In 2007, a Harvard psychologist conducted a study including 88 hotel maids. She told 44 of the maids that their daily jobs involved serious exercise, and educated them on how their daily tasks contributed to their physical fitness. She told the other 44 maids nothing. After one month, she found that the maids who had been told they exceeded the surgeon general’s guidelines for fitness had lost weight, lowered their blood pressure, and developed a healthier body composition—despite no changes to their diet or daily routine. The control group, however, saw none of these benefits.
The takeaway? The relationship between exercise and subsequent health is largely determined by mindset: when you expect to see results, chances are you will. Read on to learn how you can apply this to see benefits in your own life.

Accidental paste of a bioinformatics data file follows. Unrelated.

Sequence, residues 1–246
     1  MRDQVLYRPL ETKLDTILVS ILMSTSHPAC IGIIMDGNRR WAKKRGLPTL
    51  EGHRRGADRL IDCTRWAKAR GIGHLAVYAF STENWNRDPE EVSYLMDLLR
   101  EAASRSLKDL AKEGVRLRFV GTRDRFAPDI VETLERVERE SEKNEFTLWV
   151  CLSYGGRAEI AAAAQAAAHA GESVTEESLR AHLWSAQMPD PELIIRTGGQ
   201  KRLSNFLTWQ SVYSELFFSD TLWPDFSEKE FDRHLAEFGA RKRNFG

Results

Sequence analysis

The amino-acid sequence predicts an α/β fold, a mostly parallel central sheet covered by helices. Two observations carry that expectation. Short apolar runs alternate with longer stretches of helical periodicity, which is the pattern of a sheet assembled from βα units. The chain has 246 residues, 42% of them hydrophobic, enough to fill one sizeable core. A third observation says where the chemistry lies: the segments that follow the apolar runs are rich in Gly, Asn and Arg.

How to make your mindset work for you:
Note: We’ve written these directions to boost physical fitness, but you can use this same method to get better sleep, tackle work projects, or just about anything.
- Before you next head to the gym, walk to the park, or catch up on household chores, study up on how that activity might affect your body. Check a fitness app to see how many calories you might burn, which muscle groups you might target, and (if you won’t be doing a literal workout) how the activity might compare to deliberate exercise. This info will help you complete Step 2.
- Before you get started, take a few moments visualize yourself going through the motions of your routine. For instance, if you’ll be cleaning: imagine how your muscles will feel when you work the vacuum, how your heart rate might increase as you carry laundry up the stairs, and how your body might feel afterwards (Sore? Energized? Relaxed?).
- Get started! Be sure to make a mental link between each task and the benefits you’ll see. For instance, if you’re walking the dog up a hill, imagine your quads and glutes engaging with each step.
That’s it! Commit to this exercise 5-7 times per week for one month, and then check in with your results—that’s how long the participants in the Harvard study took to see significant measurable results.